When Peter Williams visits smokers in their homes he gives them his famous quote: "I'm your coach, I'm not a judge."
The Whakapai Hauora smoking cessation coach works to help the country meet its goal of being smokefree by 2025.
"I monitor people's motivation to quit smoking," he says. "My core business is getting referrals, going to people's homes and talking to them about ways we can help them quit.
"I call them up, tell them where I got their name and number so they're not like ‘who are you, why are you calling me', and ask, can I come by and visit. It's a bit more magic face to face - on the phone you can just say nah, thanks for the call."
Mr Williams says there are about 7000 smokers in the MidCentral District Health Board area and in the ideal world doctors would refer them all to the cessation services. "Most people want to quit and like to try but they don't have much success with patches and the like," he says. "There are all these things on the market and people are asking questions but sometimes it just goes back to behaviours and emotion.
"I saw one lady having a hard time picking a quit date, she's so nervous, so I said maybe you're not ready - you're stressing yourself and I'm not offended if you look at next year."
Mr Williams applied for the newly created role in 2011 after helping mothers and babies in Porirua.
"I've got a social work background and I got a degree at 53, I could never believe it," he says. "When the position came up I thought I have the background and I'm not afraid to go to people's homes and talk to them about their problems.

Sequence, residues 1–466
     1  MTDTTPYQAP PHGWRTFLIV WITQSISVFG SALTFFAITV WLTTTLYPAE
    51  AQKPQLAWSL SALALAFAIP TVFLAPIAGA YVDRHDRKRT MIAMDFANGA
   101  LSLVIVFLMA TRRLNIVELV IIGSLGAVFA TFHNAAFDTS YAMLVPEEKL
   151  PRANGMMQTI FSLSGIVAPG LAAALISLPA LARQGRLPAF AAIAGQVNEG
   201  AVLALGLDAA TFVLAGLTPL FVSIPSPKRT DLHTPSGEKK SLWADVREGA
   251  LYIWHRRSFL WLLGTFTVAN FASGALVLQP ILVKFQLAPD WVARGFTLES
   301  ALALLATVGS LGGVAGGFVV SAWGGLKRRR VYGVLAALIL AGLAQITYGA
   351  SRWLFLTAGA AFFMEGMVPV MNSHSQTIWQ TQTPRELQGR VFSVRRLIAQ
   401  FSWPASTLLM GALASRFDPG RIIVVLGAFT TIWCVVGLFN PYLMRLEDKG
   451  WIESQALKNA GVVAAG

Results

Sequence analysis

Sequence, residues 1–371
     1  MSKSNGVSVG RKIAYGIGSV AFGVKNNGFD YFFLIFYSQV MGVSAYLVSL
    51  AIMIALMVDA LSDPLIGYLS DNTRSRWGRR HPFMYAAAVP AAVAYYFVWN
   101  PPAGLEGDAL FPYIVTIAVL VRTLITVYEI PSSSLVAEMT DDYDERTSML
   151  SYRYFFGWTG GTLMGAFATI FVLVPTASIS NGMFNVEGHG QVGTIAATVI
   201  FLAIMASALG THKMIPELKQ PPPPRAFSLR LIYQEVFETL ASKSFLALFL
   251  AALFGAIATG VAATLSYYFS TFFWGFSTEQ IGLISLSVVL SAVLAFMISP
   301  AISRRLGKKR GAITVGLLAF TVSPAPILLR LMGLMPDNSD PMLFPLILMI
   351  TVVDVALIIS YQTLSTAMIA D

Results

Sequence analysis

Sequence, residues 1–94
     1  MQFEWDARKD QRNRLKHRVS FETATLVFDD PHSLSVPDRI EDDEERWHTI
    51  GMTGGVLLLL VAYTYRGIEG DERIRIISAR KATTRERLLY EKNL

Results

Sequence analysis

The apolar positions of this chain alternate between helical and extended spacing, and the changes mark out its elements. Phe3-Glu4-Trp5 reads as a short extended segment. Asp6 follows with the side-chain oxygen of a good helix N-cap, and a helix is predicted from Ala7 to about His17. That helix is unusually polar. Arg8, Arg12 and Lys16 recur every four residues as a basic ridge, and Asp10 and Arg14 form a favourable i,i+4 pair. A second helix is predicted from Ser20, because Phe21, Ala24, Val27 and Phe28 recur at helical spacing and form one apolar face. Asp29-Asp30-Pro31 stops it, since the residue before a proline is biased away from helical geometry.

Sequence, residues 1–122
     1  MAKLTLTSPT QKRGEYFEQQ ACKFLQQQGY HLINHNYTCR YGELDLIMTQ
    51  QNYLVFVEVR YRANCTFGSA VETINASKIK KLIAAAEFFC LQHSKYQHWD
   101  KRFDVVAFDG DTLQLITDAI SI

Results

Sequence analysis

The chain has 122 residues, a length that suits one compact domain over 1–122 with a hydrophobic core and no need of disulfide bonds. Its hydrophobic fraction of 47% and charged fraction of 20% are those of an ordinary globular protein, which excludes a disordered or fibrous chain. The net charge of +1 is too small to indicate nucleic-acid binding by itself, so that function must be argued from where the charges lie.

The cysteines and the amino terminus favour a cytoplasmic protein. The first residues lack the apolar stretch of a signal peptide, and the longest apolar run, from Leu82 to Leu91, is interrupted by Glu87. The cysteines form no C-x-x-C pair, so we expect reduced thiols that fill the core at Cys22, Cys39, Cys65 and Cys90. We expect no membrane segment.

"I like to think when I'm in my sixties people would come to me. I'll be tired of home visits when I'm in my sixties."
Mr Williams sees meeting people face to face as a perk of the job but if he can help them to quit smoking, that's the ultimate.
"I've probably had more failings than successes but I love relationships with people so I wouldn't leave with a sour taste," he says. "I like to feel I can come back or if they want to try again I like to think they will come back."
Group cessation is the new direction the team is having success with, Mr Williams says.
"A group takes on a life of its own, it has a dynamic so people start sharing," he says. "So in the first two weeks we do all the talking but by the third week I have to try to gag myself - not to say something, and let the group take its course."
Mr Peters says that for some people quitting smoking is an endless challenge while others cope better with giving up.
"Sometimes we're just planting seeds so we are never sure how it will come about but when someone comes up and says it's been three months, it's like job security, you know," he says. "My famous quote to people when they come in is ‘I'm not a judge, I'm a coach'."
- © Fairfax NZ News
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